Tag Archives: Dining

16 Adult Lunch Boxes for Midday Dining in Style


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NYC Mayor: Proof of vaccination required for indoor dining and gyms


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Republicans just killed outdoor dining in Pennsylvania


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Does restaurant dining lead to rises in COVID case and death rates? CDC finds out


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Texas attorney general sues city of Austin over New Year’s Covid dining limits


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Coronavirus updates: Dr. Anthony Fauci says spring could bring return to normal; Michigan halts classes, dining for 3 weeks; 246K US deaths


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These Are the Most Beautifully Designed Outdoor Dining Experiences in America


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These 9 Dining Chairs Are Sculptural, Surprising, and Downright Sleek

These 9 Dining Chairs Are Sculptural, Surprising, and Downright Sleek



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The Latest: Trump dining with G-7 leaders in France

The Latest: Trump dining with G-7 leaders in FrancePresident Donald Trump is dining with world leaders attending the annual Group of Seven summit in France. The French presidency has chosen five local chefs, all with Michelin stars, to prepare meals featuring local Basque cuisine for the summit. President Donald Trump French and French President Emmanuel Macron discussed economic and trade issues, as well as security challenges, during their private lunch ahead of the Group of Seven summit in Biarritz.



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Christmas Day restaurant bookings are on the rise – but would you swap a home-cooked lunch for dining out?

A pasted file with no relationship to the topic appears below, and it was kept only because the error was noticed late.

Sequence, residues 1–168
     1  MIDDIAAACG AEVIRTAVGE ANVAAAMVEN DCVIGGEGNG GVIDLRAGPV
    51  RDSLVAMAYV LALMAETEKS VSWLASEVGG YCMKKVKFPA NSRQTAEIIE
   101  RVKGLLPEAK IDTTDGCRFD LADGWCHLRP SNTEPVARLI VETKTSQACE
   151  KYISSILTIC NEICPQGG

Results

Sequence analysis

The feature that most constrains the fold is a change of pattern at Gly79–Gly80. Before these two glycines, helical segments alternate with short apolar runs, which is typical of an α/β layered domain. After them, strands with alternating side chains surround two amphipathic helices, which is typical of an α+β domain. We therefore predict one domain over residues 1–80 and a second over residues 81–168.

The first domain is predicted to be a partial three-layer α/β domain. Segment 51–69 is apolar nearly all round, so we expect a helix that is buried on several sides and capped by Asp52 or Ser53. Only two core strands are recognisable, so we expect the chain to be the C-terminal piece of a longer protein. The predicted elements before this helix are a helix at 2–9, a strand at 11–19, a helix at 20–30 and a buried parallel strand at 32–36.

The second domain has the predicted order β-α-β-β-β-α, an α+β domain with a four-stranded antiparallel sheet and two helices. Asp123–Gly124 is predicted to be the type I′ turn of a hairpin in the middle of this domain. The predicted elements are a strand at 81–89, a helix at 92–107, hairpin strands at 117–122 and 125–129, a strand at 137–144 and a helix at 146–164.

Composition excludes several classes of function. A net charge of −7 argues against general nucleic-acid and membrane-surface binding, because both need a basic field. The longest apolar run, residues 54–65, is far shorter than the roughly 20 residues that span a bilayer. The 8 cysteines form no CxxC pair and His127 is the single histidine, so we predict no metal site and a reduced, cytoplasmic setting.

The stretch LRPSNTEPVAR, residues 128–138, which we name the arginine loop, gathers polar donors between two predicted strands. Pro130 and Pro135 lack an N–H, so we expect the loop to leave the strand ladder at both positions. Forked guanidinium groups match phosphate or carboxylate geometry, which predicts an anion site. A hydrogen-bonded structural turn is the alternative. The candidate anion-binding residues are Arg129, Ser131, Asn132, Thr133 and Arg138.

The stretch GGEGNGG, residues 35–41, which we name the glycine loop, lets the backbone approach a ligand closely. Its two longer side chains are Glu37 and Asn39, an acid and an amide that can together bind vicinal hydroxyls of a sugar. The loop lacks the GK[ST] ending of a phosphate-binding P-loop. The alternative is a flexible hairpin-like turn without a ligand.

Christmas Day restaurant bookings are on the rise – but would you swap a home-cooked lunch for dining out?Would you choose a restaurant for the Christmas Day meal just to avoid the inevitable mountain of washing up? Or is there nothing that can tempt you away from lunch at home and your own perfectly crisp roast potatoes? For an increasing number of us it's the former that most appeals, according to a recent OpenTable survey which showed that restaurant bookings on Christmas Day have risen by 240 per cent in the last five years. Between 2016 and 2017, reservations jumped by 14 per cent, and they are expected to increase again this Christmas. British cuisine is the most popular choice for a meal out, with 19 per cent of people heading out for traditional roast turkey with all the trimmings, but Italian restaurants are also a firm favourite for Christmas Day, counting for 12 per cent of bookings. For many Telegraph readers the choice to eat out is a simple one when faced with the prospect of cooking for a crowd (or, indeed, spending more time than is necessary with certain members of the extended family), as it takes the stress out of prepping the food as well as the clearing up afterwards.  “My family have gone out for Christmas Day dinner for the last few years," says Natalie Richardson, from Leeds. "It reduces the hassle of ordering ingredients and the hours spent preparing the food, giving us more time to enjoy the day,” she explains. “We often go to a local pub which does three-course offer. Once, we went to our local curry house and had chicken korma for Christmas dinner.” Electing to gather at a restaurant also means that the cook of the house isn't left out of the celebrations. "For me, it means no stressing in the kitchen while everyone else gets to relax, chat and enjoy a drink," says Abigail Theodosiou, from Sanderstead in Croydon. "We tend to have a lovely easy breakfast (Waitrose frozen croissants and scrambled eggs), get ready, go out, and then head home as soon as the meal is finished to relax in a tidy(ish!) house and open our presents, followed by cheese and chocolates." Theodosiou is one of a number who choose a country-style pub over a restaurant; "with lovely big fires, they're cosier." And there's no doubt that it takes the pressure off catering for different dietary requirements. "With a mix of meat-eaters and vegetarians, we can order whatever we like." At a glance | The top cuisines booked for Christmas Day dining last year But for The Telegraph’s award-winning cookery writer Diana Henry, to book a table out is to lose something of the essential spirit of Christmas. “I’ve only been out for Christmas lunch once – when my parents had builders in, so the kitchen was out of action – and it was a disaster. The entire family just muttered about how much better it was at home. I think something is really missing in restaurants – you have to be quieter, so you can’t have that unbuttoned bonhomie and largesse that is part of Christmas." The cost of eating out might be another reason to host at home, she reasons. “You can open another bottle of wine without considering how big a bill you’re racking up; you can have seconds; you can tell risqué jokes. Things are just a little more sedate in a restaurant. Plus, no matter where you go outside the home, a Christmas dinner will always taste kind of institutional away from it. Roast potatoes that have been hanging round for an hour or more just don’t cut it." Get cooking | Diana Henry’s latest recipes Telegraph food writer Xanthe Clay agrees, and suggests the chief cook of the house simply enlists helpers for the washing up, to minimise the pressure. “Eating out is a great option if you find the whole meal a massive stress fest, but don’t kid yourself that it’ll be the same as hanging out at the family table," she says. "Few restaurants offer second helpings, and if you want a sofa to stagger to after lunch, you may need to book a table at a hotel with a decent lounge area. Prices will, quite properly, be inflated – the staff will need a hefty bonus to justify coming in to work." For many people, having the whole family descend on the house for an unending supply of food and drink is simply unthinkable – especially if space is tight. "I love going to parties but I wouldn't want to host one myself," says the award-winning travel blogger Sofie Couwenbergh. "My home is my safe space, plus it's far too small!" It's always worth checking before splashing out, says Xanthe Clay. “If you are booking the big dinner out to give the cook a rest, do check it’s actually what they want – not just a way to alleviate your own guilt for not manning the kitchen yourself. They may complain, but lots of home cooks actually love the opportunity for a bit of culinary muscle flexing. Bear in mind that their Christmas wish may be as simple as appreciation in ladlefuls, and all the washing up done well into the New Year.” Ultimately, it depends on the nature of the gathering, says Diana Henry. “In a restaurant you don’t get those golden moments when the entire family gather round the oven looking at the turkey saying ‘Do you think it’s cooked yet?’. The whole meal is an event that you all take part in.” Should you still prefer the idea of rocking up to a reservation, heading off on a walk and coming home to a kitchen that doesn’t look like the scene of a crime, here are some of our favourite restaurants across the country taking bookings for Christmas Day itself… Our pick of the best | Restaurants taking bookings on Christmas Day 2018